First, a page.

# What does the output of a derivative actually say in real life?

Perhaps the wording of the question will need to be adjusted, but I do not know how else to convey what I am looking for in one sentence.

## Here is what I understand:

The derivative of a function in essence shows the "rate of change" of a function at any given point. In practical application, determining the current speed of a car at a given time along it's route, as opposed to the average speed of a car over it's entire route.

The value (output) given by the derivative function expressed mathematically is the "slope of a line",the tangent, at any given point (output) of the function as displayed on a graph, which represents the how much the output of the function has changed with the input.

But what exactly is the output of the derivative telling me about this change? If the output of the derivative of some 'x' is '2', what is this '2'? It is a slope, yes, but what is this slope telling me in real life?

Here is an example of what I am trying to understand. We will use the following function... $$f(x)=x^2$$ and its derivative... $$f'(x)=2x$$

Let us imagine I have an extremely unique and completely absurd job that lasts for a '1' hour shift each day, and that has a pay rate of f(x)=x^2 per minute, where 'x' is the number of minutes worked in the shift so far.

If we look at just the first five minutes of the shift, both the 'pay rate per minute' and the 'rate of change (slope) of pay per minute', we get... $$f(0\text{min})=0;f'(0\text{min})=0$$ $$f(1\text{min})=1;f'(1\text{min})=2$$ $$f(2\text{min})=4;f'(2\text{min})=4$$ $$f(3\text{min})=9;f'(3\text{min})=6$$ $$f(4\text{min})=16;f'(4\text{min})=8$$ $$f(5\text{min})=25;f'(5\text{min})=10$$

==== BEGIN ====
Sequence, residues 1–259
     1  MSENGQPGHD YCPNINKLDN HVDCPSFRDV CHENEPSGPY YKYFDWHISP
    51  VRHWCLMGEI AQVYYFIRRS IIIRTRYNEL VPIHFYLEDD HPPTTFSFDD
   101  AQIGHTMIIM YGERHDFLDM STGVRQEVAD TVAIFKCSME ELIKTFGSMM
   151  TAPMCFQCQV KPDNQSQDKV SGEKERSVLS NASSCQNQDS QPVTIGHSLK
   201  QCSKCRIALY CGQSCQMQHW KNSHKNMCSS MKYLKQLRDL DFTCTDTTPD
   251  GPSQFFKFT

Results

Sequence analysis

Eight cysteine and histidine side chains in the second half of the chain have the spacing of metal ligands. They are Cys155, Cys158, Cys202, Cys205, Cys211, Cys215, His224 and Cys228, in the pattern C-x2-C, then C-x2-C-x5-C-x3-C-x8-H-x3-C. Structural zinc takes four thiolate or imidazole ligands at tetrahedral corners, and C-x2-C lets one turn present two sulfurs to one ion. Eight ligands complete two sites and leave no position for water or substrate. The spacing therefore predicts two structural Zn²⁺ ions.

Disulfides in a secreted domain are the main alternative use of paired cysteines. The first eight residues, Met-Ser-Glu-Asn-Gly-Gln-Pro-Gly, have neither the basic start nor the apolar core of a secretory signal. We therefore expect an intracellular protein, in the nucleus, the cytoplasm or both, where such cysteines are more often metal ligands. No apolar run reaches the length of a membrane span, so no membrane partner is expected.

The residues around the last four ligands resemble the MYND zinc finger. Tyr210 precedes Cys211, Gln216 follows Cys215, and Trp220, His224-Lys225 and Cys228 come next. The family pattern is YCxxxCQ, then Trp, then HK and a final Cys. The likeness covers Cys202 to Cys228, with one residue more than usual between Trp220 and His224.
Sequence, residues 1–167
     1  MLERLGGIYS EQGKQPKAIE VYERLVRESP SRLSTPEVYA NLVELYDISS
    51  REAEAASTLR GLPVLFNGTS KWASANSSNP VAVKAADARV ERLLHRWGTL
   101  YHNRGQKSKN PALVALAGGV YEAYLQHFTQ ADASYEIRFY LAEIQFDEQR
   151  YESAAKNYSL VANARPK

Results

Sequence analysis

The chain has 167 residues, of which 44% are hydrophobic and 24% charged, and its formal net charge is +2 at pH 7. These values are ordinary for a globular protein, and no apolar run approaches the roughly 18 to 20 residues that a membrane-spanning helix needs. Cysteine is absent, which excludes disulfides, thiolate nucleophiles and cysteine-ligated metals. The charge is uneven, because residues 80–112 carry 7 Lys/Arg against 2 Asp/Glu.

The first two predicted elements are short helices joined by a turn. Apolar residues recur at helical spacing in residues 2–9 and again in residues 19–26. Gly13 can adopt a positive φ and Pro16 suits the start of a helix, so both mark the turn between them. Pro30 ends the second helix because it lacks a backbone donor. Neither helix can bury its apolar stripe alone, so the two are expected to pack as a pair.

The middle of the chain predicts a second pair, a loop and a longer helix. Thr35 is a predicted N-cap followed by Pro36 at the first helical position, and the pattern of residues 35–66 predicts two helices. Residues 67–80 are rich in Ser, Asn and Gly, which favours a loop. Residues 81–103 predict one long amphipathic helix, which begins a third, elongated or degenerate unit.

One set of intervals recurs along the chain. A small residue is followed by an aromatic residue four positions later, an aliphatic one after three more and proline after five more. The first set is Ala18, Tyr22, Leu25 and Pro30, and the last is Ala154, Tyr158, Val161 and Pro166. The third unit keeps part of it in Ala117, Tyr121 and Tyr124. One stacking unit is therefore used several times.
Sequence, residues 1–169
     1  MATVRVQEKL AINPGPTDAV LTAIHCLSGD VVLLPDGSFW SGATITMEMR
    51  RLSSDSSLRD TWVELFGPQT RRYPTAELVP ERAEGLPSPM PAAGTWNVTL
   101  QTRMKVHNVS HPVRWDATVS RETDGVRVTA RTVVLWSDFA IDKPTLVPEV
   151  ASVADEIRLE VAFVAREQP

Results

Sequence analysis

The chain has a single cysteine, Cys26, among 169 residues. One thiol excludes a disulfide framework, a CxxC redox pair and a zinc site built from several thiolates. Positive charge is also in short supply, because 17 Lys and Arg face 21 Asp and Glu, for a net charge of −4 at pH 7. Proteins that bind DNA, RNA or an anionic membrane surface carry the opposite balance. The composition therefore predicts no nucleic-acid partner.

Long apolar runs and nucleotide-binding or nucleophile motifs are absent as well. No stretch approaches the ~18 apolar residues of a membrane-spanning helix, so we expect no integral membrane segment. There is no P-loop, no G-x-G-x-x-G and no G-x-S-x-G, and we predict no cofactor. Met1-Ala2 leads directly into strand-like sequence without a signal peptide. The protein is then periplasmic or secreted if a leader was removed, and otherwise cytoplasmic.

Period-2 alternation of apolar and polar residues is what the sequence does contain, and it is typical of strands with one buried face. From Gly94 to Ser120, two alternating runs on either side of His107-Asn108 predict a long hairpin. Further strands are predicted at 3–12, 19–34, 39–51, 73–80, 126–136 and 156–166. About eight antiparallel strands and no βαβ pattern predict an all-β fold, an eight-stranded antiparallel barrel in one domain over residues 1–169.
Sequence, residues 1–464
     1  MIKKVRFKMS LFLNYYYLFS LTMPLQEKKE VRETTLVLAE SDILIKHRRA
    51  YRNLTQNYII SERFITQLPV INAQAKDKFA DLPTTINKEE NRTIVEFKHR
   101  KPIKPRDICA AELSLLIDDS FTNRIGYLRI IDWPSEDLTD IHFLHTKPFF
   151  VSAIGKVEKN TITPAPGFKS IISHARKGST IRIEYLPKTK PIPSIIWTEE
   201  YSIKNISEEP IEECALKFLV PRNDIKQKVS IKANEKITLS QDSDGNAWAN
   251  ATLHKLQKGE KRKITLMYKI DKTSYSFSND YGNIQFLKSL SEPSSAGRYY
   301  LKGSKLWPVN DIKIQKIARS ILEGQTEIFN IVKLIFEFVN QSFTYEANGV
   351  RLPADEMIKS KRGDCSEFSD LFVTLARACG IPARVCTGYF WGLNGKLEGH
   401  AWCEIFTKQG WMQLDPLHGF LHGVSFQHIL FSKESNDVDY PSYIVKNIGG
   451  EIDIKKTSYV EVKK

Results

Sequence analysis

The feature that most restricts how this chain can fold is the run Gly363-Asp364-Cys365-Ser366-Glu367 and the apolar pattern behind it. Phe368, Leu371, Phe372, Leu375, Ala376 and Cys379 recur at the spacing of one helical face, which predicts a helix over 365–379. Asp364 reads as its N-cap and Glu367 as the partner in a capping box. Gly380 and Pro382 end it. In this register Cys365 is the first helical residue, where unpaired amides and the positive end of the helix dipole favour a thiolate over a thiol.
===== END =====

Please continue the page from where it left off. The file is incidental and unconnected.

Now, again, the output for the derivative, if graphed, is the slope of the line at any given point along the main function.

But what does that mean in practice?

If I asked someone, "How much more money am I earning from minute '4' of my shift?", and that someone answered, "according to the derivative of the money earned, 8." , what is that? '8' what? Dollars? Percent? No unit? Just '8", or any output given by the derivative, doesn't give me any useful understanding of what is changing.

The question-answer bit I gave at the end may be worded incorrectly. (let me know what I should change it to, if so), but I hope the point of this question accross.

Also, I am not looking for proofs in the answer. Proofs are not hard to find. I am looking for answers that are not written in proofs.

• I have picked an answer for this question, but please, if you have examples you would like to share, go ahead. Jan 8, 2021 at 18:53

The derivative of $$f(x)$$ with respect to $$x$$ always has units of $$\frac{\text{units of f}}{\text{units of x}}.$$ So, for your function, if $$f(x) = x^2 \text{ dollars per minute}$$ then the derivative will be $$f'(x) = 2x \text{ dollars per minute per minute}.$$ In practice, that means that tells you how fast your pay per minute in increasing. If, for example, you say $$f'(4) = 8$$ what this really means is that a minute $$4$$ your pay per minute is increasing by $$\8$$ per minute per minute.
Let's say that we don't actually know what $$f(x)$$ is, just that $$f(4) = \16$$ per minute and $$f'(4) = \8$$ per minute per minute. That would not only tell you that your pay per minute was increasing, but that at minute $$5$$ you would be making approximately an additional $$\8$$ per minute than you were at minute $$4$$.